Halsey is back! From her brilliant debut ‘BADLANDS’ to her stable follow-up ‘hopeless fountain kingdom’, the electro singer-songwriter has shown the world that she’s not here to fuck around.
Hopes were high for her third studio album, after experiencing a crazy amount of success so early in her career. With my ears considerably intrigued, I took a delve into the world of Halsey’s ‘Manic’…
In short, ‘Manic’ is a genre-bending, feature-heavy introspective look at the singer behind the musical persona. On this record, Halsey warps genre to make it fit her sound and her own story – the narrative of her own life and her deepest, darkest thoughts.. There’s the country-infused ‘you should be sad’, the RnB based ‘Without Me’, the more electro-pop ‘I HATE EVERYBODY’ (girl, same). On the surface, it sounds as though that makes for one messy-ass album. In reality, it works brilliantly.
The genre-hopping tracks all carry a similar theme. The songs are all light, ethereal – all painted a shade of blue-ish grey; making the album seem like a trip inside Ashley’s mind. The tracks each paint a different side of the singer: self-aware, lonely, cold, vulnerable… And she uses different genres to portray it. It’s genius, really – and a fine line to walk. It could easily tip into a disentangled mess, but Halsey manages to keep it all together, making for a sonically cohesive – and introspective – record.
Opening with ‘Ashley’, the singer makes it clear that she’s opening the closed-door to her mind, inviting us in to listen. It carries the more mellow, acoustic-based vibe of her second album, choosing to ditch the electro-heavy debut. As the album progresses, there’s a marvellous blend of the two. Chill, self-reflective acoustic tracks like ‘clementine’, mixed with loud and brash songs like ‘3am’. Halsey closes up the album with ‘929’, a track about her birth-time and date, featuring her most scathingly raw lyrics yet. The two tracks serve as bookends on the trip inside Halsey’s mind; starting up by opening the door to her troubled thoughts, and ending by accepting, engulfing and appreciating all of her flaws. The track-list is flawless, and I wouldn’t move a track out of place.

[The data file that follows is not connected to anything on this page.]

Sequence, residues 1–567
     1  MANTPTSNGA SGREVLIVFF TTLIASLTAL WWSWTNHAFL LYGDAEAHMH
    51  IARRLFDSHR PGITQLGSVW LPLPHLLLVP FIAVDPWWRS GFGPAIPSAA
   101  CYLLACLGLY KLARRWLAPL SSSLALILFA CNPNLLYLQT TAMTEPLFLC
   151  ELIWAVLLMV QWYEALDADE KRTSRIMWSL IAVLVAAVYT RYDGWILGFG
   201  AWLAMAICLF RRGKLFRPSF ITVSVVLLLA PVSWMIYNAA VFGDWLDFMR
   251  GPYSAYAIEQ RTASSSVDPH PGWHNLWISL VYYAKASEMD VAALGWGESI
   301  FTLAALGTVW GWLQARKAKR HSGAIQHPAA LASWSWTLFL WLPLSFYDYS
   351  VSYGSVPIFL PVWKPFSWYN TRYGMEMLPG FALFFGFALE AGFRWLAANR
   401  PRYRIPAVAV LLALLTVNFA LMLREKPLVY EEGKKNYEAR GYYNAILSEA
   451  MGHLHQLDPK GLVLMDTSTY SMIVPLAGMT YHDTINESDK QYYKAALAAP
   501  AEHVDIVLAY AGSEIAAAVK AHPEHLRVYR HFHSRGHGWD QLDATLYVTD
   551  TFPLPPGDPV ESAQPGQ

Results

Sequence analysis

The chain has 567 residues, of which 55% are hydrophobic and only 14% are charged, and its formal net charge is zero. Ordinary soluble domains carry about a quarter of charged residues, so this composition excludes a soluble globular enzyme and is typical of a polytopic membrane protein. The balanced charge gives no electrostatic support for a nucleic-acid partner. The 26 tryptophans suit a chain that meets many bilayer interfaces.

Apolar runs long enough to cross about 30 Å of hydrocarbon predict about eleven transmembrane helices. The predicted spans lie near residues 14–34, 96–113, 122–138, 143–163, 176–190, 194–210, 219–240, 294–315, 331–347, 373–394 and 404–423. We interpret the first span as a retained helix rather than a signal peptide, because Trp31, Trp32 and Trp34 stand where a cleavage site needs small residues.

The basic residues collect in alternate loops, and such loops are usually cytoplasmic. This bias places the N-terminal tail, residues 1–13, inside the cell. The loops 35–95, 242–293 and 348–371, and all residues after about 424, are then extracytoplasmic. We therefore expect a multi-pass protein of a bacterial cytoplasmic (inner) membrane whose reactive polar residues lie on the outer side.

The only complaint I do have, however, is that ‘Nightmare’ doesn’t show its face on ‘Manic’. It would fit! There’s the guitar-based ‘3am’, showing a little bit more angst than some of the mellow tracks, and ‘Nightmare’ would’ve served as the yin to its yang. Besides, the lyric “I’m tired and angry but somebody should be” is, and forever will be, iconic.
“I spent a long time watering a plant made out of plastic, And I cursed the ground for growing green”
Lyrically, ‘Manic’ is Halsey’s strongest album. It’s scathingly raw. “And I’ve stared at the sky in Milwaukee, and hoped that my father would finally call me. And it’s just these things that I’m thinkin’ for hours, and I’m pickin’ my hair out in clumps in the shower,” she sings on ‘929’, baring her soul for all to see.
Despite its introspection, ‘Manic’ is also relatable to her listeners. “I don’t wanna live in colour through a white/blue screen,” she says on ‘3am’, reflecting the movement against social media – and that drunken text you send to all of your ex-lovers stored in your phone. Mixing introspection with relatability isn’t an easy feat to achieve, but Halsey smashes it.
Her vocals, of course, are brilliant. On “Finally // beautiful stranger” Halsey’s voice is raw, unedited, and really rams home the message of the track, further deepening that sense of vulnerability. Her high-pitched tones were what always drew me to ‘BADLANDS’, but ‘Manic’ offers a different range of the singer’s vocal ability. It carries the weight of the album with it, with Halsey herself narrating her own deepest, darkest desires with an emotional vocal punch to boot.
One of the highlights – at least for me – is “Alanis’ interlude” – mainly because I just was not expecting it. The two voices work together brilliantly – complimenting each other as the stars compliment the moon.
There’s a lot of features here, from Alanis Morissette, to BTS and SUGA to Red Hot Chilli Peppers’ Chad Smith on the drums of ‘3am’, to the spoken word intro by Megan Fox on ‘killing boys’. Oddly enough, it still works as Halsey’s most personal entry. Borrowing the personas from film, or the sound from featuring artists paints a picture of Halsey that she is in control of; offering us different shades of her personality.
There are echoes of Lana Del Rey, Marina and even Stevie Nicks scattered throughout ‘Manic’ – but none of it feels borrowed or try-hard. Instead, Halsey takes her influences and twists them in her own, unique way.
‘Manic’ truly is Halsey’s most personal record yet. Sure, a lot of artists say that about their upcoming records, in an attempt to get eager fans hyped. But in the case of ‘Manic’, it’s true. Halsey goes deep, to the point where it’s almost uncomfortable to listen to. You feel like an intruder, getting a glimpse into the singer’s mind. Her fears, her hopes… Everything is laid bare on the table. And it makes ‘Manic’ a truly wonderful album.